Lakefront shot on the Loveland Reservoir Trail, a 1.1 mile out and back hike near Alpine.
Loveland Lake and Dam is a true hidden gem in the backcountry about 40 minutes drive from downtown San Diego off I-8 East. The trailhead can be easily missed if you blink once while driving down on Japatul Road toward the Carveacre Wind Caves and Gaskill Peak, which are the two most popular hiking trails in Alpine.
The start of the Loveland Reservoir hike.
The good news about not being a popular spot is that is almost deserted, and you can experience raw wilderness at its finest. The bad news about not being a popular spot is that… it is almost deserted — which means poor cell phone connection, light traffic on the main road and nobody to hear you screaming for help if you need to scream for help. Although the hike is not very strenuous and you can see the lake from the road (ok, two miles down), it’s better to be prepared with proper gear. Bringing enough water is mandatory, especially during the very hot summer we've been experiencing lately. Keep in mind, hiking in 100 degrees temperatures is not recommended. Go very early in the morning or wait for better days. The area is equally beautiful in the fall when the air starts cooling.
What to do: fishing and hiking
The lake is mainly a water reservoir owned by the Sweetwater Authority, who partnered up with the USDA Forest Services 19 years ago to provide public access to the lake. The rangers maintain the area, and only the first part of the trail is marked. There is no fee for fishing, but a California State Fishing License is required.
Due to the infestation with quagga mussels, live bait is not allowed and neither is swimming or boating. Animals are not permitted, not even service dogs. If you’re not discouraged by so many restrictions and still believe that hiking to the dam or trying your luck on the five-mile shoreline to fish at Loveland is a good idea, here’s a list with the fish you could catch: Largemouth Bass, Bullhead Catfish, Red Eared Sunfish, Crappie and Bluegill. Good enough.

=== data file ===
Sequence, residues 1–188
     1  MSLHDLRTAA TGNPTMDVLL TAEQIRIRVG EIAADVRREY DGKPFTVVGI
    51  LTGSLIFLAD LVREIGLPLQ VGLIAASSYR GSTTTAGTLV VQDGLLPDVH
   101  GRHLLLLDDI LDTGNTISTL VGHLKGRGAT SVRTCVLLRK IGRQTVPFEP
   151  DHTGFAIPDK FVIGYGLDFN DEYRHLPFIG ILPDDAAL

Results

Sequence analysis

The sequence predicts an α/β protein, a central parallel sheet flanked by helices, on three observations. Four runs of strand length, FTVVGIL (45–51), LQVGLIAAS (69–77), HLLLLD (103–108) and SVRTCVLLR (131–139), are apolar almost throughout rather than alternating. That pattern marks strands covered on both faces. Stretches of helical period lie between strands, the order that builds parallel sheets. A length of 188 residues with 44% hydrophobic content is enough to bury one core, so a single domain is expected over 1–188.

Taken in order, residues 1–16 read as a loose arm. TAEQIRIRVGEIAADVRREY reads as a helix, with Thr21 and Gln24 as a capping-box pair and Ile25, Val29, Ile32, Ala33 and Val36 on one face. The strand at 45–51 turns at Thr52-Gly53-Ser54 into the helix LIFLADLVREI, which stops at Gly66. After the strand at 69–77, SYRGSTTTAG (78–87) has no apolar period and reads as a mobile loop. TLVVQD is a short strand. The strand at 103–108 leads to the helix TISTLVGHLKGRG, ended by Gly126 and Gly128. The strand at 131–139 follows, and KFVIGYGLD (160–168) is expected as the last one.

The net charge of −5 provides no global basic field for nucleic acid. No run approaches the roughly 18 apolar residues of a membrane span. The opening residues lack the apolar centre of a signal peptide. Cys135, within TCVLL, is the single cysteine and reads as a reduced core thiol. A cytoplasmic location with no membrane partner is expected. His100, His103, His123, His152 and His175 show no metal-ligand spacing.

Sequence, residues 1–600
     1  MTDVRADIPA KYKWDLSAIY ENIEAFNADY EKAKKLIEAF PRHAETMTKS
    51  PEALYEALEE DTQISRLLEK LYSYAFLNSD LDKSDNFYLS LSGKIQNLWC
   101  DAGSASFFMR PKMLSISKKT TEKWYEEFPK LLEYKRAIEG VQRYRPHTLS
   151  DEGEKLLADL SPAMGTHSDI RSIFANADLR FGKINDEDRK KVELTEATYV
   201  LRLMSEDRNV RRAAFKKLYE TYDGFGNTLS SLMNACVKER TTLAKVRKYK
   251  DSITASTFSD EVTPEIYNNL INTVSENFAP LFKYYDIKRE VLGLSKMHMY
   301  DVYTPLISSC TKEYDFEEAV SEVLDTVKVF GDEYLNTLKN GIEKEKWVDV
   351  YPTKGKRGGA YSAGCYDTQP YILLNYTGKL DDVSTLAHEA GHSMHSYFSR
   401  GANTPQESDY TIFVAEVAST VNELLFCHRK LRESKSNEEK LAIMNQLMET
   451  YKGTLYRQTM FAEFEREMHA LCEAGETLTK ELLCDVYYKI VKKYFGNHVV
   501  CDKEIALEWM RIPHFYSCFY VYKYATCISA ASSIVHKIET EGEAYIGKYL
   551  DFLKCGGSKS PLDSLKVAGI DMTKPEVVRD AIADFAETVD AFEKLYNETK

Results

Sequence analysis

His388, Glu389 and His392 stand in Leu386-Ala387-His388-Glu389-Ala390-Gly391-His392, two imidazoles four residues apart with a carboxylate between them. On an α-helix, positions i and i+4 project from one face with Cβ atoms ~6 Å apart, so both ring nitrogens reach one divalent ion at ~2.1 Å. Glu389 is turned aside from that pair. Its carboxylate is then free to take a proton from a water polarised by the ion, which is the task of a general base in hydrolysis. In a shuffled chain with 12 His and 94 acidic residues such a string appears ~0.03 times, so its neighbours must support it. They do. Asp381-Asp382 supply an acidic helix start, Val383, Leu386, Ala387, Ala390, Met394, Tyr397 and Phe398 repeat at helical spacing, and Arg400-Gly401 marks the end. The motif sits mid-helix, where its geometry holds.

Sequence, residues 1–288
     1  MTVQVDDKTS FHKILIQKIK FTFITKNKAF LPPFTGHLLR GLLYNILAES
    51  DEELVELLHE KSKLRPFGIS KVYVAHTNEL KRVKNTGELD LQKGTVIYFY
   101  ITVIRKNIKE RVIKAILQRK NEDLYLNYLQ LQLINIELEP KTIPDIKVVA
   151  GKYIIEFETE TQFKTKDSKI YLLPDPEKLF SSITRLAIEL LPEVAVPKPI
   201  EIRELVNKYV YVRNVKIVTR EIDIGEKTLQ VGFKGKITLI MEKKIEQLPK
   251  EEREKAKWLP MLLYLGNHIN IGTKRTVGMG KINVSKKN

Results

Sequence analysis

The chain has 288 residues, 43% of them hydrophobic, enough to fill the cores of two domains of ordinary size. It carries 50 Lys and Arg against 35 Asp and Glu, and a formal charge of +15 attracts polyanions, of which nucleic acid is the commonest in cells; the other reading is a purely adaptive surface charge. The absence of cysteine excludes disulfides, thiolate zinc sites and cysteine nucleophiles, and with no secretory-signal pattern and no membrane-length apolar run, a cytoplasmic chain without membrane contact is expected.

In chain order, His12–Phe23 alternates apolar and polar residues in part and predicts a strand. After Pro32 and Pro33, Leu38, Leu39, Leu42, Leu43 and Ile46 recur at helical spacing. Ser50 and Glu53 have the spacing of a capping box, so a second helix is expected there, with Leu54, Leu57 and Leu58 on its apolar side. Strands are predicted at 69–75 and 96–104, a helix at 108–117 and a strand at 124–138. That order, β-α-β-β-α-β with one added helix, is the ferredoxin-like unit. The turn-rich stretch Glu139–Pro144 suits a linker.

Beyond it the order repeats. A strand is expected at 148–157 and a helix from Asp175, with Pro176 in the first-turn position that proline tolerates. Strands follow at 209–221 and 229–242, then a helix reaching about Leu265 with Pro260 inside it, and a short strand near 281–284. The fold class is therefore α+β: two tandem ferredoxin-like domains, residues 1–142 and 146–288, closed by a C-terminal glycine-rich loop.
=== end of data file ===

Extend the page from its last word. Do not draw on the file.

The entrance gate leads to a spacious but rocky parking lot that opens at sunrise and closes at 6 p.m. with the specification that any car left behind will be towed. No port-a-potty available at the trailhead, but there are some at the lake.
Chaparral view from the trail.
The location of the few port-a-potties provided around the lake is rather strange. They are all installed way up the hill and there’s no direct trail to any of them. You just have to make do through the stingy nettles and shrubbery. The main trail debuts in an encouraging way though, looking well maintained and well marked with added rails for support. It takes you down the hill rather fast, and for that hiking poles may be a good idea to protect your knees. The landscape is inviting enough that you may want to take a break just half a mile down the path to admire the thick forest and the blooming chamise, but mainly to enjoy the only shaded spot for miles around.
Spotting the lake in the distance.
Now you're ready to descend the 92 stairs to the bottom of the canyon. Although the hike is rated easy and considered mainly a path for fishing, there are hikers who believe the stairs make this trail an intermediate hike for people with mobility problems and a no go for hikers in wheelchair. Keep the stairs in mind then, both ways.
Once at the bottom, say good-bye to natural shade and hello to your hat, sunscreen and lots of water. From now on, there are only chaparral, sumacs, sage, buckwheat and thick grass to shade your feet only. To top it off, this is the end of the well-marked trail and machetes are not allowed. You kind of feel your way around by spotting the lake straight ahead and taking the path of least resistance, and that’s the one without the stinging nettles, if you can find it. Long pants and good, waterproof hiking boots are highly recommended, along with a good balance for the rocky terrain.
During the drought, crossing the lake on the east side is treacherous through thick cattails and marsh. The same vegetation is happening on the west trail, making hiking on the muddy shoreline rather difficult. This may be the main reason why Loveland Lake is not perceived as a hiking spot per se, but more of a fishing destination. After all, you want to experience backcountry: here it is in its entire splendor, with kingfishers on the rocks and redwing blackbirds chirping in the cattail, pelicans and herons winging it on the lake, all offering you an experience to make your courageous trip worthwhile.
The endangered least Bell's vireo.
I even spotted the precious least Bell’s vireo, an endangered species, and I have a picture to prove it.
There are multiple other options for hiking, but mainly on the trails up the hills and toward the dam. Speaking of the dam, it’s a relatively new construction from 1945 and helps store over 25,300 acre-feet of water serving 175,000 residents of Bonita, Chula Vista and National City.
I hiked this trail twice. Once a couple of weeks ago very early in the morning, before that in November, and I prefer the wintertime better.
I will leave you with my personal entry in my hiking journal and then it’s up to you to decide if you're going to give Loveland a chance: “Loveland, Alpine, one of the nicest hikes ever, perfect in every way. Lots of very old oak trees and small, magic meadows, enchanting views over the lake and the surrounding areas, with Corte Madera in plain sight if you keep straight when you get to the lake. Yes, fishing, yes, birds, yes, rocks and yes, challenging trails. I even found metate. I loved the light filtered through the cattails and the colors of the grass and the clouds, but mostly the eerie peace. I will come back.”